Monday, May 4, 2009

Getting More than I Paid For

I continued my autumn ritual last November. For the last few years, I've delayed my puchase of fall bulbs to take advantage of clearance sales. I've had to check the display a couple of times to get the best deal, but I've never paid more than half price for my bulbs.

Of course, this results in a very limited selection. Basically, I end up with what nobody else wanted.

So far, the tactic has worked just fine. The result of my thriftiness is that I buy twice as many bulbs as I would have purchased at the full price. I throw the bulbs in a pile and mix them up. Then I dig large holes and plant five or seven bulbs in each hole.

Last year I planted red triumph tulips, yellow darwin hybrid tulips and mixed lily flowering tulips.
I treat them as annuals and never expect them to flower a second year and they usually don't. Popping up around the highlighter-yellow spurge (inherited from the previous owner), dutchmen's britches (also inherited), and lion's bane (my addition from Walmart last year), I think the results were well-worth the $15 I spent last fall.

Sunday, May 3, 2009

All Heart

Our little Cocker Spaniel is 99% heart - not much in the brains department - but Cocker Spaniel love is enthusiastic and unconditional. You can always tell where you stand with my puppy girl. The only time the tail stops wagging is when she's asleep or involved in one of her favorite pastimes - people-watching...

Saturday, May 2, 2009

It's a Bumper Crop of Dandelions!

I finally got to read the Home section of the New York Times with my morning coffee. Sometimes I'm right on the cutting edge - who'd have guessed? According to an article by Anne Raver in this past Thursday's edition, ecologists are beginning to link the decline in bee population with the eradication of native plants. In research performed by Professor Gordon Frankie, an entomologist at the University of California, Berkeley, bees prefer to eat locally grown! Who knew? According to Professor Frankie, out of 1,000 plants surveyed, 50 were native plants. 80 percent of the bees counted were attracted to those native plants as opposed to only 10 percent of the bees who buzzed around the 950 non-natives.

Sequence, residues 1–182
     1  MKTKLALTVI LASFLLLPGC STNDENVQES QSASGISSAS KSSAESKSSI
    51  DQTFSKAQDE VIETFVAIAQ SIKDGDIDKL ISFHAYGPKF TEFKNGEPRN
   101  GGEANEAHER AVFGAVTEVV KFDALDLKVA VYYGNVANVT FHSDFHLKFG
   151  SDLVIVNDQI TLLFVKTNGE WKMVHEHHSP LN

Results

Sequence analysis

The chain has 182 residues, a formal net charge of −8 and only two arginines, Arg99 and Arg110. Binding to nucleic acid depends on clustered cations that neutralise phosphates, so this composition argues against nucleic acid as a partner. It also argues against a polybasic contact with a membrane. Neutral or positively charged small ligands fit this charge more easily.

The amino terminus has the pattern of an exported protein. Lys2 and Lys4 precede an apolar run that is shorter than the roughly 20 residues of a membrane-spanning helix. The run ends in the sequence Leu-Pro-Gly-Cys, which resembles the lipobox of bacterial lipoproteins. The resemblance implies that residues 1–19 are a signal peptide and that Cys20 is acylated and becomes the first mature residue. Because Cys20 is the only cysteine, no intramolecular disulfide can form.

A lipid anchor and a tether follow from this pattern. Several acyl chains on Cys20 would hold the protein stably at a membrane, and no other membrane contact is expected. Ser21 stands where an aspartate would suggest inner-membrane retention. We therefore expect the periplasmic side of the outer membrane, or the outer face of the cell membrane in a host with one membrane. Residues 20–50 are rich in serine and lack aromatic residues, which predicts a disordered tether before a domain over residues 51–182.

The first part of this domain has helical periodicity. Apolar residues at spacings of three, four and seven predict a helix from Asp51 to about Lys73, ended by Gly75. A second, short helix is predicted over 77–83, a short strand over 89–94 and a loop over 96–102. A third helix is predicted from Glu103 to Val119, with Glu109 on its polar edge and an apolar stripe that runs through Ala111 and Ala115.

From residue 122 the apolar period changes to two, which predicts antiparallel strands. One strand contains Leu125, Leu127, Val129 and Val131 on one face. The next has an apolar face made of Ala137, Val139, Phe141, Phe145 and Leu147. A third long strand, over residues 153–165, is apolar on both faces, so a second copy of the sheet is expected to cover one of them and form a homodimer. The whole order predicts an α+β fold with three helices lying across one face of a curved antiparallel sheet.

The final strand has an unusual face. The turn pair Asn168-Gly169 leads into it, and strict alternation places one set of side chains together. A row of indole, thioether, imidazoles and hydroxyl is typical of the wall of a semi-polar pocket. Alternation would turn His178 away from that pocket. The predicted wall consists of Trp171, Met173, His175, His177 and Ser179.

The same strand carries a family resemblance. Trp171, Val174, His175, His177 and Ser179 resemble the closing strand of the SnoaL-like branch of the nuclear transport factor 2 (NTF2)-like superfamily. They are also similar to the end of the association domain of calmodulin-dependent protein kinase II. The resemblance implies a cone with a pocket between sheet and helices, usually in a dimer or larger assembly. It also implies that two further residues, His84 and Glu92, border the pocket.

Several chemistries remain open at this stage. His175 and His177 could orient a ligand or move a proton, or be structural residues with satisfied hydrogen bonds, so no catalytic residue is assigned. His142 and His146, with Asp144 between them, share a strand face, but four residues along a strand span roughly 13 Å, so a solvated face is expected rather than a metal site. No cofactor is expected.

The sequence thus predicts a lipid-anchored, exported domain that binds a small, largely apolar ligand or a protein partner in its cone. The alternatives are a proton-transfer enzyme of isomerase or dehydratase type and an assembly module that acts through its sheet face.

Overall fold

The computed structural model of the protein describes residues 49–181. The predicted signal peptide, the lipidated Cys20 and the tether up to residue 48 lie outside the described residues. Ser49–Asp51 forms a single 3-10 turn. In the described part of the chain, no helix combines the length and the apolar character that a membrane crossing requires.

The author's advice? "Don't be so quick to mow." Right on, sister. I don't have to be embarassed any more because I choose to relinquish my picture-perfect spring lawn to masses of life enhancing dandelions and wild violets. I'll have more cucumbers and tomatoes than my neighbors with their putting-green turf. I'll be harvesting baskets of green beans and salad vegetables while they're standing in line at the grocery store.

Okay, seriously. Tomatoes, peas and beans don't rely on bees for pollination but other crops like my cucumbers do. I don't use anything on my lawn and garden but organic products and the organic weed control hasn't been very effective. Maybe that's not so bad. The plan for this year is to add more native plants to my landscape. I have plenty of blackeyed susans because they self-sew. Other native plants suggested by the author are Joe-pye weed, coreopsis, penstemon, salvia, milkweed, spider flower, verbena lavender, basil, rosemary and borage. They're all going in the ground this year. Hopefully they're good companion plants to the dandelions and violets.